Our experience working with a range of clients shows this transition is coming, ready or not. The drivers to adopt a risk-oriented strategy almost always involve a combination of six universal complaints:
>> Security's status and legitimacy constantly fluctuate. Big, scary events, like the attack on Google or the WikiLeaks data dumps, bring attention to the need for security. But then, adding restrictions to prevent such events results in grumbling and attempts to bypass controls. We need some equilibrium.
>> Security executives struggle to convey information effectively to their business counterparts and the board. Headline-making events like the Heartland breach clearly show what security flaws can do to the brand, but you can't depend on cautionary tales to get your message across.
>> Security executives may also struggle to articulate the business value of their programs; see items 1 and 2. It's not always easy to connect the dots on how hardening an operating system makes money for the company. OK, it's never easy.
>> Rank-and-file security teams working to bring together various silos, from compliance to audit, often end up in the middle of unproductive turf wars.
>> Security projects go haywire-- maybe the program faces stiff organizational resistance or costs exceed expectations, and then, adding insult to injury, those expensive controls are only moderately effective.
>> There's constant and time-consuming grappling among security, compliance, and operational teams for power and budget. In particular, we often see information security and compliance positioned in a manner that virtually guarantees conflicts of interest, and as physical and logical security continue to merge--for example, as badges and computer credentials are linked--there are bound to be questions of who's responsible for what.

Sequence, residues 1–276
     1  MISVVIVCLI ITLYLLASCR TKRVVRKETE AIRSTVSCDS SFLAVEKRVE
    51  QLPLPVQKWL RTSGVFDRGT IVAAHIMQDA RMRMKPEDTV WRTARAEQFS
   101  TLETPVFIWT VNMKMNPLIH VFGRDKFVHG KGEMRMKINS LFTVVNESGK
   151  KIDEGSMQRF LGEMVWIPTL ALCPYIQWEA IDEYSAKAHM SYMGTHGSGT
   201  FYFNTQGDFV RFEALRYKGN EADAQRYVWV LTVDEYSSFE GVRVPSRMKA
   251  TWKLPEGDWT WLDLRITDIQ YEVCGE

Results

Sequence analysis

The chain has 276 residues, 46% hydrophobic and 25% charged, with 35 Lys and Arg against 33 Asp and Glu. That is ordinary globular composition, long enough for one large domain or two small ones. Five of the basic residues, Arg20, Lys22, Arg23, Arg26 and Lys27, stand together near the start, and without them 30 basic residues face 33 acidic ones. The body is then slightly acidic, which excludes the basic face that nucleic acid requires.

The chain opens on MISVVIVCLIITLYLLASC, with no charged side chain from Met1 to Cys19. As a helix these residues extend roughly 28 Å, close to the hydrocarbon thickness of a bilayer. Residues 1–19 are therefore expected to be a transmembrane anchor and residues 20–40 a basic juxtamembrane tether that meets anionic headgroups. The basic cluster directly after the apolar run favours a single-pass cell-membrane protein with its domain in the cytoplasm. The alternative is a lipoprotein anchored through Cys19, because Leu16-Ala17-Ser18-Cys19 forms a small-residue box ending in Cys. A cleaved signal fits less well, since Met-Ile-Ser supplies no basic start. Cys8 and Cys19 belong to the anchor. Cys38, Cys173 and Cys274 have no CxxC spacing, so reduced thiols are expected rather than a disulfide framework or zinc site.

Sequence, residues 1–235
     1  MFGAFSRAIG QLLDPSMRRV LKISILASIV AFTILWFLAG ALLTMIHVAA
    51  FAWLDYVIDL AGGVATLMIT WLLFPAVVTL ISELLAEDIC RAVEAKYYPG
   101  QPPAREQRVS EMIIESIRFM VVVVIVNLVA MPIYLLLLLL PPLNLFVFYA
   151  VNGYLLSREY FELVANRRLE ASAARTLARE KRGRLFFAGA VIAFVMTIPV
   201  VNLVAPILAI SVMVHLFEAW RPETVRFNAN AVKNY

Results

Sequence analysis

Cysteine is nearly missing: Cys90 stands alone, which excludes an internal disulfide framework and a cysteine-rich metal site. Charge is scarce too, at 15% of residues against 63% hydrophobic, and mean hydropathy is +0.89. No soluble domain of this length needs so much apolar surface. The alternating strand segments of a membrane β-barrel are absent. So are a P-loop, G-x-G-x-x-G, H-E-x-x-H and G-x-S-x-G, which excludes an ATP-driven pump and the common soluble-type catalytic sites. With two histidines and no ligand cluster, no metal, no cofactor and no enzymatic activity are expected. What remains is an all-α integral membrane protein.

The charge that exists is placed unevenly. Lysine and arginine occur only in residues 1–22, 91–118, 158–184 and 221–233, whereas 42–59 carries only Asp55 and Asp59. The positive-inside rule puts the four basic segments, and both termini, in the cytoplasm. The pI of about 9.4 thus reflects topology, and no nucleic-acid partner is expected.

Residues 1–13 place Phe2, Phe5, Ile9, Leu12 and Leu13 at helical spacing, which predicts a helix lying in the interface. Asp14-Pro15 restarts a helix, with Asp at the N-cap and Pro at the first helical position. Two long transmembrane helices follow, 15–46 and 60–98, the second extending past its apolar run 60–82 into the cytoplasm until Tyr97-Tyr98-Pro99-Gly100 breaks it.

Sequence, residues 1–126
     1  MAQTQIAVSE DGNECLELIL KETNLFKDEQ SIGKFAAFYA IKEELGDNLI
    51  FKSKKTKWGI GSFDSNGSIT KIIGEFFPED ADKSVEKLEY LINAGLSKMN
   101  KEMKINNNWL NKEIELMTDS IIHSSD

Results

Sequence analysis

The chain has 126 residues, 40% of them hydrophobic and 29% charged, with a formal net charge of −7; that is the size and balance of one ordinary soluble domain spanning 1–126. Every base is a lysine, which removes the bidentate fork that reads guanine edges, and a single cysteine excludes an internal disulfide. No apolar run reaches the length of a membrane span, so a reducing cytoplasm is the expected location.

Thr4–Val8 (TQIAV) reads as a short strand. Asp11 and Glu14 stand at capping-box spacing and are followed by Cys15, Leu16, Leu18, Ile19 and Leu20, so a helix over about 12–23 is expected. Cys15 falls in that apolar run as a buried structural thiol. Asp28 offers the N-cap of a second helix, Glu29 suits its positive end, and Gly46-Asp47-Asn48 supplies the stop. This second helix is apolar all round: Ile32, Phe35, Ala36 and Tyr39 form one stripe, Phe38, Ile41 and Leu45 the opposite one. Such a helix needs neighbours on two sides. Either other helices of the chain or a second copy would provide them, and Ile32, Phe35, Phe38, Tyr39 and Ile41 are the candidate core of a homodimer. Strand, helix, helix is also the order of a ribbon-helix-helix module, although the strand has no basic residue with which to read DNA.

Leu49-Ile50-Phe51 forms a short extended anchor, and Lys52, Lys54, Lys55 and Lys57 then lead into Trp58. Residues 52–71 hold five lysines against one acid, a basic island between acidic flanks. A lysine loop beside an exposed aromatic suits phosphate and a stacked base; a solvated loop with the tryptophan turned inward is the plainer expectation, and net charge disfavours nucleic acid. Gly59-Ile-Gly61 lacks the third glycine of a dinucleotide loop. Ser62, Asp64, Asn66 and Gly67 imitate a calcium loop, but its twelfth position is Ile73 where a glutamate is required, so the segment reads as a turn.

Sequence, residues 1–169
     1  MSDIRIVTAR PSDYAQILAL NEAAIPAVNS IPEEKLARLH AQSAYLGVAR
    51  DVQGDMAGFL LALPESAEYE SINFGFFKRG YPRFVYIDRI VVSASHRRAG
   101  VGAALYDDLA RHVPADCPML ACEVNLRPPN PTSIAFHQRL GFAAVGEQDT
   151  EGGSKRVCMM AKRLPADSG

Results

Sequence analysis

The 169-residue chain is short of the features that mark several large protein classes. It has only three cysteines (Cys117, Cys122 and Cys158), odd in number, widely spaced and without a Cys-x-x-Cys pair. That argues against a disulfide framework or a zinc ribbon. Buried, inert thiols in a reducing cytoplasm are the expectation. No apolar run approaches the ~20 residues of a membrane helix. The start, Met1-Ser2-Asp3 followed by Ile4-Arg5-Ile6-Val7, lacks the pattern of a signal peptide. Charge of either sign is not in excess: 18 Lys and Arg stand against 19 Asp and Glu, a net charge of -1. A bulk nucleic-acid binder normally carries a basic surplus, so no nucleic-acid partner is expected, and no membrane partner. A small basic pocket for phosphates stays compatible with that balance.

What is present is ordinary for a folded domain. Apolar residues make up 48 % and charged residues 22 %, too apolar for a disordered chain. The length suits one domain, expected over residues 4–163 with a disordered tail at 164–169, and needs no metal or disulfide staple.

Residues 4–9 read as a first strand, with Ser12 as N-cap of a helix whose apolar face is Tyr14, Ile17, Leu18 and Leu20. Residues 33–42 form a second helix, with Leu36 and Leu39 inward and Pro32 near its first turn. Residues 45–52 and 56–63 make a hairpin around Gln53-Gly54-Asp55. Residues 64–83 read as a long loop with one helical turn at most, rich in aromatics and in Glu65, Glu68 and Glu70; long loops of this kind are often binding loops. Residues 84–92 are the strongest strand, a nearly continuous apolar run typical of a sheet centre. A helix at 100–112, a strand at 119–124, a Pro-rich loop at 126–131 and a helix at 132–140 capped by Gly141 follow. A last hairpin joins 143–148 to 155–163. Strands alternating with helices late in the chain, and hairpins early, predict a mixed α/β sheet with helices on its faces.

We've all faced riffs on these problems for years. A risk-oriented approach will help in every area.
If you're ready for a change, adjust your mind-set in two fundamental ways. First, expand your scope to include at least information security and technology risk, operational risk, and compliance as you work to transition away from tactical security and point projects. Second, think about the ongoing role of the security team. A holistic, risk-based approach is one where security efforts are targeted, relevant, and adaptable enough to be effective, no matter what direction the business moves.
It's as much an opportunity for alignment as it is a call for change.
Get Your Zen On
There are plenty of circular arguments about risk that make us want to stick our heads in the sand. Elaborate frameworks and expensive technologies will fall short or fail outright, and pundits will keep spouting what will often feel like (and, in fact, is) bunk. But there's a grain of truth in all this expansionism. In our survey, 40% of respondents say their companies will extend their risk programs to be more comprehensive. They have to, because the tenets of risk management, which we outline in the story on p. 36, are deceptively simple. When you really wrap your brain around what it takes to assign asset values, threats, controls, policies, procedures, responsibilities, and workflows, and then manage them across organizational, jurisdictional, regulatory, and even national boundaries, it becomes clear that we need all the inclusiveness we can get. But similar to the evolution from the firewall jockey who ruled 10 years ago to the information security manager and professional CISO of today, risk management is ready to become an over- riding model.
And that can't happen until someone takes charge.